Lace fan

Brussels Mixed, a combination of bobbin and needle lace, is secured to mother of pearl staves and shaped to create this elegant fan. The needle lace in the central rose design is gauzy point de gaze, while the border is Duchesse de Bruxelles bobbin lace. Note the delicate etching and metallic tracing on the mother of pearl.


Collection Connections 

  • Fan

    Fan

    Asia: South Asia, India, Western India, Gujarat, Saurashtra

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  • Fan

    Fan

    Asia: East Asia, Japan

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  • Fan

    Fan

    Asia: South Asia, India, Western India, Gujarat, Kutch, Bhuj

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What is the language of fans and what do they communicate?

responded: Sep 20, 2011

Posted by Seungeun Lee

172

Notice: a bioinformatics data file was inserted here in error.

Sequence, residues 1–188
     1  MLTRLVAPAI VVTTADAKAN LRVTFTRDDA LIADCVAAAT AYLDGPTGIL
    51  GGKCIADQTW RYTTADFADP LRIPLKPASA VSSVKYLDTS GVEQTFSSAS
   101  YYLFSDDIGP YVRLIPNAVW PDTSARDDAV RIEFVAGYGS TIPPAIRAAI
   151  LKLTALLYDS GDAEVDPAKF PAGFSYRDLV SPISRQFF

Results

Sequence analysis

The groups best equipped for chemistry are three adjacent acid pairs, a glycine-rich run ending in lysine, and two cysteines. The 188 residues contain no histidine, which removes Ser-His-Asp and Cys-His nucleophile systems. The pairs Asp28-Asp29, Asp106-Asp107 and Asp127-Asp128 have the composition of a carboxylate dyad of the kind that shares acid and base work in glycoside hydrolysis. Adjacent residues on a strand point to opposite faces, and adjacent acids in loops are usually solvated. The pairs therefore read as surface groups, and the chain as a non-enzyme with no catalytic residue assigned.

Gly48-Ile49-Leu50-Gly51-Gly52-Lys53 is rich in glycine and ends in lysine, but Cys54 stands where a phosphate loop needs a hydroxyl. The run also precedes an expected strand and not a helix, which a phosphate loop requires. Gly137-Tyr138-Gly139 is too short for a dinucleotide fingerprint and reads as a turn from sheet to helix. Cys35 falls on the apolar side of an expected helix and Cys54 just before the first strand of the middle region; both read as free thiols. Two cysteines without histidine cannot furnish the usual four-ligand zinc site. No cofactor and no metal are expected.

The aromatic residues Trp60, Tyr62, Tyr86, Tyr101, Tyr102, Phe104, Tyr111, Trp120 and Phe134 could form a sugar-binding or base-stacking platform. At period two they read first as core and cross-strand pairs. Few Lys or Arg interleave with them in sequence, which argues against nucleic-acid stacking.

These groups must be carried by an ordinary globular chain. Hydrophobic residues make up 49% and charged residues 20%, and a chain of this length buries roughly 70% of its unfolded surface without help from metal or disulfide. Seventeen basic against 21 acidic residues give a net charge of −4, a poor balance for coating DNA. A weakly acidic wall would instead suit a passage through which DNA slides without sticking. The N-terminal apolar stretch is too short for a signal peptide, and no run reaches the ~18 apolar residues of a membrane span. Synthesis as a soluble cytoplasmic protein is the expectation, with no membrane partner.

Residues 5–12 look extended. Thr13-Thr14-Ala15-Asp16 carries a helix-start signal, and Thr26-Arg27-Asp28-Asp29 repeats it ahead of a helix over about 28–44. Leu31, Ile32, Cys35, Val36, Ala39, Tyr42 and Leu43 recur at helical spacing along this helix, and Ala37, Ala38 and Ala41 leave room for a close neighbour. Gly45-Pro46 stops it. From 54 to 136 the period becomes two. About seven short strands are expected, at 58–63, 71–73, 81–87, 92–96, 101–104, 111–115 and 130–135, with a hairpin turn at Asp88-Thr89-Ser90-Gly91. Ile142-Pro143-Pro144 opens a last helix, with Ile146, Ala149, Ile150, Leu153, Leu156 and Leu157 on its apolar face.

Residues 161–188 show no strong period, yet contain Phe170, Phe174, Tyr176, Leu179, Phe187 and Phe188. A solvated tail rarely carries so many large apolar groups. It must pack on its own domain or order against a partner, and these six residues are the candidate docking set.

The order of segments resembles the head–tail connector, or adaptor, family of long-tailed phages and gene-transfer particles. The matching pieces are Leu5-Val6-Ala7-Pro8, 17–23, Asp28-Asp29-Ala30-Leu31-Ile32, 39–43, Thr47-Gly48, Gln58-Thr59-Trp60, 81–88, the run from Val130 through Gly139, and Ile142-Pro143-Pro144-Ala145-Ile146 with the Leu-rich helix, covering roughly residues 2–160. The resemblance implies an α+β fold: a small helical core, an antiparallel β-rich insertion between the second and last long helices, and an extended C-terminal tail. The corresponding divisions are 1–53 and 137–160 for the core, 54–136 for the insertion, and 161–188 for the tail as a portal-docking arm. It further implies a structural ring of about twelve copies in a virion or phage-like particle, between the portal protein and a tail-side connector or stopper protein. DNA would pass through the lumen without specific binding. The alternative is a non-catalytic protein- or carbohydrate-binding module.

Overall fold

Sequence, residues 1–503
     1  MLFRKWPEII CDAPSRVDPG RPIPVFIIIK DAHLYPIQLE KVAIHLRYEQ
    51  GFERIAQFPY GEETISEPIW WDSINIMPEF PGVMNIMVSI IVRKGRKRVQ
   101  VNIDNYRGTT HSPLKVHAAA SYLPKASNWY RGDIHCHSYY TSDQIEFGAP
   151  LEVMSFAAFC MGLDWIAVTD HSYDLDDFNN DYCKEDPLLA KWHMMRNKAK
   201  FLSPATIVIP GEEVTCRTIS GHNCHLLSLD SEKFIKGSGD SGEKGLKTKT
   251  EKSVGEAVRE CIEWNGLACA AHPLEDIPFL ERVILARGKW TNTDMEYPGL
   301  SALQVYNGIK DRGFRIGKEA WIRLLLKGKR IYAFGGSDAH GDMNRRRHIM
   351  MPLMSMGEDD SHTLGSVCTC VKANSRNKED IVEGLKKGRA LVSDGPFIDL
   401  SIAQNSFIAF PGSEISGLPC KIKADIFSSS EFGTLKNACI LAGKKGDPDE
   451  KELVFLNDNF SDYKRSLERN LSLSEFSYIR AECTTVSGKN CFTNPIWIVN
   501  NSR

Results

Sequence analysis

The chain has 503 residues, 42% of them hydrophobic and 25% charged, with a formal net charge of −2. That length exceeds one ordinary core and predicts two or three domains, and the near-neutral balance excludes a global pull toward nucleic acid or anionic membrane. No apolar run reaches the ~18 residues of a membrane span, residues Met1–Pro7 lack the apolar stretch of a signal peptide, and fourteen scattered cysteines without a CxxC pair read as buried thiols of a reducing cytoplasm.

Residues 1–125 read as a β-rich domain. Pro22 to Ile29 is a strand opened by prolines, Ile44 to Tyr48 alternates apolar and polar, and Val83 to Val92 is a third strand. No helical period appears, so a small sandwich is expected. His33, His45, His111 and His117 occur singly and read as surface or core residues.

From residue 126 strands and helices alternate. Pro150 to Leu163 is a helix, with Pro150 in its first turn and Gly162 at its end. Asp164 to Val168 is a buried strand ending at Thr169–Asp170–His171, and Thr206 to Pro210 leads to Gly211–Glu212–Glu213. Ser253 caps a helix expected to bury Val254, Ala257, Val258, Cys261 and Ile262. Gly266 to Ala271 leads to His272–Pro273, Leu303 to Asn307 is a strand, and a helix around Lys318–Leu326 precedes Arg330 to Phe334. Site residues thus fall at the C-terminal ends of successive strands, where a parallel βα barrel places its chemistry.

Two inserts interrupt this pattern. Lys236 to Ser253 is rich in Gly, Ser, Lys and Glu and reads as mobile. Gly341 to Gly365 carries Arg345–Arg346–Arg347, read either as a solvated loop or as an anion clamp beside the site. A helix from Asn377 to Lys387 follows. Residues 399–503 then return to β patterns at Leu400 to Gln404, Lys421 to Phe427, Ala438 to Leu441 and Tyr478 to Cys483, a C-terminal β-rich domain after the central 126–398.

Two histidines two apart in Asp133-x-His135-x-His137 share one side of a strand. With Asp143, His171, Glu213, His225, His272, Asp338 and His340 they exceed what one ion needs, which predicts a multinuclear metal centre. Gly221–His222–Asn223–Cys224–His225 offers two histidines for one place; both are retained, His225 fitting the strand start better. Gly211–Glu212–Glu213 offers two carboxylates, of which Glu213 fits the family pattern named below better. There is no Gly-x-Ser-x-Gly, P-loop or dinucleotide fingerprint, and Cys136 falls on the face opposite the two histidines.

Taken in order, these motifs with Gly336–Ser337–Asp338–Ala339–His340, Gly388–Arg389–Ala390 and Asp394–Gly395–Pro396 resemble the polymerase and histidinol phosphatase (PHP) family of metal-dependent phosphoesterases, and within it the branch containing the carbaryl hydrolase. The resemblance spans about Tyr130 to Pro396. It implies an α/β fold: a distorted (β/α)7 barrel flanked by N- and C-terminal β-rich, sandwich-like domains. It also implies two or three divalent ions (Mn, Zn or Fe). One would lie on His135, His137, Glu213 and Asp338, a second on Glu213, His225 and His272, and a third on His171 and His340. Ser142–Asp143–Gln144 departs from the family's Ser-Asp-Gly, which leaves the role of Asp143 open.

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In the 18th and 19th Century in Europe, fans were icons of fashion. Especially in France and England, fans were considered as the must have items. They symbolized wealth. Wealthy women decorated their fans with antiquity art, paintings that were inspired from the myth and history. They also reinterpreted beautiful gardens on the fans. In the 19th Century, when Art Nouveau was born, fans were formed in Art Nouveau styles. In 1750s, there were more than 150 fan makers in Paris that clearly described the popularity of fans. The development of printing encouraged the production of cheaper fans in 18th Century. The mass production of fans increased the interest towards Fine Art. Artists painted and autographed on the fans as they do on their masterpieces. Fans not only symbolized art but also symbolized feminine vanities. Ivory, pearls, turtle shell, gold and silver were used to decorate fans. Fans represented the social statues and wealth. Moreover, fans were utilized to communicate with men in ballrooms. They were used to flirt with men. The fan language contained secret, unspoken, code of messages. For example, putting a fan on the right cheek meant, “yes”, on the left side of the cheek meant, “no.” Holding a fan with a right hand and covering face meant, “Follow me.” Holding a fan with the left hand meant, “I want to get to know you.” Stroking the edge of a fan with a finger meant, “I want to talk to you.” Touching a fan with a left finger meant, “Someone’s observing us.”

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